- Bingo in the Philippines
- List of casinos in the Philippines
- 2017 Resorts World Manila attack
- Bankoff, Greg (1991). "Redefining Criminality: Gambling and Financial Expediency in the Colonial Philippines, 1764-1898". Journal of Southeast Asian Studies. 22 (2): 267–281. doi:10.1017/s002246340000388x.
- "Presidential Decree No. 1067-A - Creating The Philippine Amusements and Gaming Corporation, Defining Its Powers and Functions, Providing Funds Therefor, and For Other Purposes". Presidential Laws Statutes and Codes. Chan Robles Virtual Law Library. Retrieved 8 July 2017.
- "7.2% GDP growth: Gaming the numbers?". The Manila Times. Retrieved 8 July 2017.
- Chan, Albert (1978). "Chinese-Philippine Relations in the Late Sixteenth Century and to 1603". Philippine Studies. 26: 51–82.
- Halili, Maria Christine N. (2004). Philippine History. Manila: Rex Book Store, Inc.
- "The Beginning of Lotteries in the Philippines". Philippine Charity Sweepstakes Office. Philippine Charity Sweepstakes Office. Retrieved 5 July 2017.
- "History". philracom. Philippine Racing Commission. Retrieved 6 July 2017.
- de Barjo, Marciano R. (2005). Basques in the Philippines. Reno, Las Vegas: University of Nevada Press. p. 118.
- Blair, Emma H.; Robertson, James Alexander (1903–1907). The Philippine Islands, 1493-1898. Cleveland: A.H. Clark.
- "G.R. No. L-6941". The LAWPHiL Project. Arellano Law Foundation. Retrieved 6 July 2017.
- Gica, Ivar (2000). Cash, Charity, and Controversy. Las Piñas City: Ivar Gica Public Relations.
- Sayson, Ian C.; Alegado, Siegfrid. "Philippine Casino Market Could Surpass Singapore, Okada Says". Bloomberg. Bloomberg Markets. Retrieved 6 July 2017.
- "An Act Further Amending Presidential Decree No. 1869, Otherwise known as PAGCOR Charter. 13th Cong., 3rd sess". Philippine Congress. House of Senate. 2007.
- "Corporate Background – Philippine Racing Club, Inc". Philippine Racing Club, Inc. Retrieved 5 July 2017.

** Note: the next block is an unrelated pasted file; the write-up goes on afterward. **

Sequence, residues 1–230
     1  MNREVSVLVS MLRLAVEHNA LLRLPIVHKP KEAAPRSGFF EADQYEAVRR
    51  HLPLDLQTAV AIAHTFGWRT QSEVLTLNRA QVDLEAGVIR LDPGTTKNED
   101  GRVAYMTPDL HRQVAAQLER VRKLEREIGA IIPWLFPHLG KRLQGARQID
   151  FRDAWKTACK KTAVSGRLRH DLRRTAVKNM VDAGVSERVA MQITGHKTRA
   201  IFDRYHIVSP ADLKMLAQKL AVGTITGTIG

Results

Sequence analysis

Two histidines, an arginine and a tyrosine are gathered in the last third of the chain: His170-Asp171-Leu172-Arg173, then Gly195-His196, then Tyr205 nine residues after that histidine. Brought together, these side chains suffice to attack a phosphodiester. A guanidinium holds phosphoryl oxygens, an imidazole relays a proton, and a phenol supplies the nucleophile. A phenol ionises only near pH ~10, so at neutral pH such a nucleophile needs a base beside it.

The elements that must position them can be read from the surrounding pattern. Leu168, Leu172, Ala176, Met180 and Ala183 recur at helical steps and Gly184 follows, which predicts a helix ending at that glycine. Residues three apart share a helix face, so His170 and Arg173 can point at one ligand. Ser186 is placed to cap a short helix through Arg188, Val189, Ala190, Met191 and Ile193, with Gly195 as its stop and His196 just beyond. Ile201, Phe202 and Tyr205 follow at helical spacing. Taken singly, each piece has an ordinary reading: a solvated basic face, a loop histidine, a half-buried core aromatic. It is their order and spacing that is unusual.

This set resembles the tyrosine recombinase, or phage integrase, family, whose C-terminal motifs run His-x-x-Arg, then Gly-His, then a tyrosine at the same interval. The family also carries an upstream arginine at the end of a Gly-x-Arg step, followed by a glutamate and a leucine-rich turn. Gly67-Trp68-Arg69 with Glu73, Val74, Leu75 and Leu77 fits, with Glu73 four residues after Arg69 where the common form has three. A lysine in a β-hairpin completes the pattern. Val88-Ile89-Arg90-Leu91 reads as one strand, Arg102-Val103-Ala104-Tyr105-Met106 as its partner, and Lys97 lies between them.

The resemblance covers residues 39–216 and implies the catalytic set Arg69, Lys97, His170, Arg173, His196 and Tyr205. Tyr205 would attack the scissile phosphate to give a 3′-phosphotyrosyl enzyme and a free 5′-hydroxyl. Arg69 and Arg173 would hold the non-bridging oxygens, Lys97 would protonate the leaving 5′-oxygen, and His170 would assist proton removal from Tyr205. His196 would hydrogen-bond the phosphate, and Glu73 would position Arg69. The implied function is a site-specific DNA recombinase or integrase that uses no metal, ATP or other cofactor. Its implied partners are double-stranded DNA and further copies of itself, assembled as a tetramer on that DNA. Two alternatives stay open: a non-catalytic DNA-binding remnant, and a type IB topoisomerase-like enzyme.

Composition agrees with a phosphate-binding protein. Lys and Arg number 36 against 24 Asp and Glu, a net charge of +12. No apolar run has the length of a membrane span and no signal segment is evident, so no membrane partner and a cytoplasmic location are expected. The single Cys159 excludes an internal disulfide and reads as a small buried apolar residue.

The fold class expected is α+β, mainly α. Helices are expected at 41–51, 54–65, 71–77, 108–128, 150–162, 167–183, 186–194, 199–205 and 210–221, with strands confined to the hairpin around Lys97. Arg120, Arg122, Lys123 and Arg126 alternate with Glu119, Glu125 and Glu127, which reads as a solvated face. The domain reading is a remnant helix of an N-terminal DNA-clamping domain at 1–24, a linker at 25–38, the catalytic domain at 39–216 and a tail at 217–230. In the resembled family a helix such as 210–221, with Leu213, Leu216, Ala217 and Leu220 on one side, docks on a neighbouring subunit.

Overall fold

- Gonzales, Iris (6 February 2017). "Gaming industry showing signs of maturation – Fitch". The Philippine Star. Retrieved 6 July 2017.
- "Gaming sector faces rising competition". Business World. 13 February 2017.
- Gonzales, Iris (2 December 2016). "Pagcor issues 35 licenses to start offshore gaming". Retrieved 6 July 2017.
- "Dafabet, AsianBGE's flagship brand". Dafabet, an AsianBGE brand. Retrieved 15 January 2014.
- "The EGR Awards 2009 Winners". eGaming Review Official Website. eGaming Review Magazine. Archived from the original on 2010-07-23.
- "Philippine Charity Sweepstake Office." http://www.pcso.gov.ph/. 2015. Accessed July 7, 2017. http://www.pcso.gov.ph/.
- Davis, Jonita. "How Does a Lottery Work." http://peopleof.oureverydaylife.com. Accessed July 6, 2017. http://peopleof.oureverydaylife.com/a-lottery-work-8695.html.
- "Betting Rules and Guidlines." http://www.prci.com.ph. 2014. Accessed July 7, 2017. http://www.prci.com.ph/betting/betting-pools/.
- Eng, Richard. "TYPES OF HORSE RACING WAGERS (AND YOUR CHANCES OF WINNING)." Www.dummies.com. Accessed July 7, 2017. http://www.dummies.com/games/casino-games/types-of-horse-racing-wagers-and-your-chances-of-winning/.
- Almendral, Aurora. " ‘Just making a living’: Cockfighting a way of life in Philippines." Www.nbcnews.com. August 26, 2013. Accessed July 8, 2017. http://www.nbcnews.com/business/travel/just-making-living-cockfighting-way-life-philippines-f6C10945776.
- "Cockfighting: Passion and Vice." http://www.insights-philippines.de. 2002. Accessed July 8, 2017. http://www.insights-philippines.de/hahnenkengl.htm.
- Maceda, Ernesto M. "Gambling Capital of Asia." Www.philstar.com. June 11, 2013. Accessed July 7, 2017. http://www.philstar.com/opinion/2013/06/11/952614/gambling-capital-asia.
- Www.rappler.com. December 22, 2016. Accessed July 8, 2017. http://www.rappler.com/nation/156301-duterte-orders-closure-online-gaming.
- Gonzales, Iris . "Pagcor clarifies ban on online gambling." Www.philstar.com. December 24, 2016. Accessed July 8, 2017. http://www.philstar.com/headlines/2016/12/24/1656338/pagcor-clarifies-ban-online-gambling.
- Roxas, Sixto K. (2000). Juetengate: the parable of a nation in crisis. Makati City: The Bancom Foundation, Inc. p. 27.